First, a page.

Today marks World Health Day 2014 and the focus this year is on the nasty and often life-threatening bites from mosquitoes, flies, ticks and bugs (also known as vector-borne diseases).
Small Bite, Big Threat
The theme of this year’s global awareness day is ‘small bite, big threat’ which aims to highlight the very real threats faced – in fact the World Health Organization (WHO) advises that 40% of the global population are at risk from contracting dengue – a truly astonishing figure. And Leishmaniasis (spread via sandflies) affects around 1.3 million people every year.
WHO are working on a series of campaigns to raise awareness of the bugs that spread these potentially serious diseases, including mosquitoes, ticks, bugs, flies and freshwater snails. If left untreated, these diseases can, and do, result in death. What’s more alarming is that diseases such as malaria, Leishmaniasis, dengue and yellow fever are actually preventable. Some of the poorest people in the world are at risk, as well as travellers and those migrating.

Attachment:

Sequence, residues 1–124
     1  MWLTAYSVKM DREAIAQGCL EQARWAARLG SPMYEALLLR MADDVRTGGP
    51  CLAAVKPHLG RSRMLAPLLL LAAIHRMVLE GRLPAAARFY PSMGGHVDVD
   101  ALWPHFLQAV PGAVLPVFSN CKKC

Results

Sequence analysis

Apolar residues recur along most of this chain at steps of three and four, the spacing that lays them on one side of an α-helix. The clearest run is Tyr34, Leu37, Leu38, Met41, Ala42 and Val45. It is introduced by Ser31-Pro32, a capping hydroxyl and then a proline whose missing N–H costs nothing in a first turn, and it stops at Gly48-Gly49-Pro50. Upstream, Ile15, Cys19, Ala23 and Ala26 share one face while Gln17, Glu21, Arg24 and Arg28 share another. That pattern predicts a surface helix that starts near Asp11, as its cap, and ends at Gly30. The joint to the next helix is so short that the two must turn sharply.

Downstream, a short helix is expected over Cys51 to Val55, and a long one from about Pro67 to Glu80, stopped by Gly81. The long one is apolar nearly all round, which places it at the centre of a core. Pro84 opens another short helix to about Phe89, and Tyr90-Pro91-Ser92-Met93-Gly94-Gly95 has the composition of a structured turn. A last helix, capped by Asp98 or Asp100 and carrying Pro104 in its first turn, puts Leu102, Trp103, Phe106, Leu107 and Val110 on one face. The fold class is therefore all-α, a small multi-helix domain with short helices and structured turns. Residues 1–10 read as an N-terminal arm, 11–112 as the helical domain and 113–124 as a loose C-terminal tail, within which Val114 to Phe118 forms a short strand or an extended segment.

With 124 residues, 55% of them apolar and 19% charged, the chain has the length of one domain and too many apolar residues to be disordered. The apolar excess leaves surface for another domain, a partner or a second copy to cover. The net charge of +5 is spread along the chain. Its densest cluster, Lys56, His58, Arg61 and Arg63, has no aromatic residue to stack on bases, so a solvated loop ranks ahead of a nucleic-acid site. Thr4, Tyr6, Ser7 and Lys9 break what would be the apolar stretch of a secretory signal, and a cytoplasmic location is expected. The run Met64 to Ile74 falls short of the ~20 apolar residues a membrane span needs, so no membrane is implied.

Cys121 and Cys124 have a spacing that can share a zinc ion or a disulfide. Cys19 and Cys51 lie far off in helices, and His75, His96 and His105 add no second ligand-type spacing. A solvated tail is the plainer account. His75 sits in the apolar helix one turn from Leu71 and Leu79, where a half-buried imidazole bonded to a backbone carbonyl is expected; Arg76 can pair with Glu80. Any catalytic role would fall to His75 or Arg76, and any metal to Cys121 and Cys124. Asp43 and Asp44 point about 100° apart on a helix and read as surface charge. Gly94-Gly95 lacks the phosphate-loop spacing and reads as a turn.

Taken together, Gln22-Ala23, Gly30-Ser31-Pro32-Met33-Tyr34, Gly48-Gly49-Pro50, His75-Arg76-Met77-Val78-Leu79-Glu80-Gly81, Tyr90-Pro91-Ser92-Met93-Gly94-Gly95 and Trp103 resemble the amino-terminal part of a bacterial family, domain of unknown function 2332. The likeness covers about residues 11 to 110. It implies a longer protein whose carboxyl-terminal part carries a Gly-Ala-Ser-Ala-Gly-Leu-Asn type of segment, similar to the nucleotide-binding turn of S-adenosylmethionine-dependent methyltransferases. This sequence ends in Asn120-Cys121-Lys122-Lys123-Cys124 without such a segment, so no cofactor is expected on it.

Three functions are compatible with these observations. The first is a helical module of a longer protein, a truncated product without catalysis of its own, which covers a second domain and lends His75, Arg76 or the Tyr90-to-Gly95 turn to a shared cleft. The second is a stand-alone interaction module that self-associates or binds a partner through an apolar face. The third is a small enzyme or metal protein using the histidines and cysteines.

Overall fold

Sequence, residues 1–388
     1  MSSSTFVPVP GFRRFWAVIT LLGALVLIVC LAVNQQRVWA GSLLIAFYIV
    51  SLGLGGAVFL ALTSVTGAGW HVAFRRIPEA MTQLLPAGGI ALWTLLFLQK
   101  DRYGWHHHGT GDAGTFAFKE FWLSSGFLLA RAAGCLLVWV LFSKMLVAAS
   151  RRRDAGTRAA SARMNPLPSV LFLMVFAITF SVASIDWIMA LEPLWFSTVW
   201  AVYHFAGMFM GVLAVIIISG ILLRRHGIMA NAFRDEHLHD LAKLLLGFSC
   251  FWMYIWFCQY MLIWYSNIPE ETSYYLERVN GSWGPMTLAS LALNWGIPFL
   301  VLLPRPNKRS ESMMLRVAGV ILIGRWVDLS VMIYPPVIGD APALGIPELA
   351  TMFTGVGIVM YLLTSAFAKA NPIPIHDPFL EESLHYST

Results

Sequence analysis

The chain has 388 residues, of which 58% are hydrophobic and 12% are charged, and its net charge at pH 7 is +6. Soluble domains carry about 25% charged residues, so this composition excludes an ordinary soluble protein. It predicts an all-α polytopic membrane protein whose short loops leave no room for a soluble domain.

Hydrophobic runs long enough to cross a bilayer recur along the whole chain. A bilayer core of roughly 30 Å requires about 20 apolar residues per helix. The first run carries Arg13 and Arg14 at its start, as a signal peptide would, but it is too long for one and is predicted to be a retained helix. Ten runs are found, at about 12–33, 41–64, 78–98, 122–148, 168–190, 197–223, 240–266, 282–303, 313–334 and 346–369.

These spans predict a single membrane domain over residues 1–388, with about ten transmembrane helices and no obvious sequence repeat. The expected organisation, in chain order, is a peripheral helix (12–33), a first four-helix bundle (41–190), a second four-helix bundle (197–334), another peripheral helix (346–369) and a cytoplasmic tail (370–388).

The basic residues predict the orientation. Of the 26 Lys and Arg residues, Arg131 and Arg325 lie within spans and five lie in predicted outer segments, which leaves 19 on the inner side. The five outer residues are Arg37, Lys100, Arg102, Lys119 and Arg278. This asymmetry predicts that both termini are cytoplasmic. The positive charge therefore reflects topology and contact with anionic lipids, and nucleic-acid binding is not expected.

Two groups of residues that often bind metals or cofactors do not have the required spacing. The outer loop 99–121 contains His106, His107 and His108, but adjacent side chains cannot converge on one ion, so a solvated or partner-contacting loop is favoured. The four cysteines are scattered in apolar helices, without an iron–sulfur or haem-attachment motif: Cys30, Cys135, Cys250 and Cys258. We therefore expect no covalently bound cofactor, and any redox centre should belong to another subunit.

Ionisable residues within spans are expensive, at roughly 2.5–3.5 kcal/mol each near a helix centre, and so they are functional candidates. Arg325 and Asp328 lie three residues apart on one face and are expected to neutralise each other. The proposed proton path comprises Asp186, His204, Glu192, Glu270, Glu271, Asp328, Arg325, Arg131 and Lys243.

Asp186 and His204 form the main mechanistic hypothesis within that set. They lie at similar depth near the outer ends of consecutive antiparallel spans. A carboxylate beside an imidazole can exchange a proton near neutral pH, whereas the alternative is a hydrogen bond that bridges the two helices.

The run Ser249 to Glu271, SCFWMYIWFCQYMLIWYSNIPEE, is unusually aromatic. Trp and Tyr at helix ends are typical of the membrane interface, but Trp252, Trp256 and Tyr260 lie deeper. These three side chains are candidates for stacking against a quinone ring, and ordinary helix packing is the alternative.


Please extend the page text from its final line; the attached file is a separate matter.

FACT: Each year more than half a million people are admitted to hospital with severe dengue and 2.5% of those people die.
FACT: Malaria kills 627,000 people every single year.
FACT: Infected sandflies spread Leishmaniasis, which kills around 30,000 people every year.
Simple steps can be taken to protect yourself from contracting diseases by wearing long sleeved tops and long trousers. Use a high strength insect repellent at all times and sleep beneath a netted canopy. When travelling, research your destinations in good time and ensure you receive any recommended immunisations. Carry a basic first aid kit with you and make sure you have enough repellent for your journey.
World Health Day 2014
The day was established in 1950 to coincide with the founding date of WHO on 7 April 1948 and each year the campaign focusses on a different global health issue.
People all over the world are encouraged to get involved with World Health Day, via education and participation in local events and by fundraising.
Previous campaigns have focussed on ‘Healthy heart beat, Healthy blood pressure’ and ‘Good health adds life to years’.
More information, facts and details from WHO.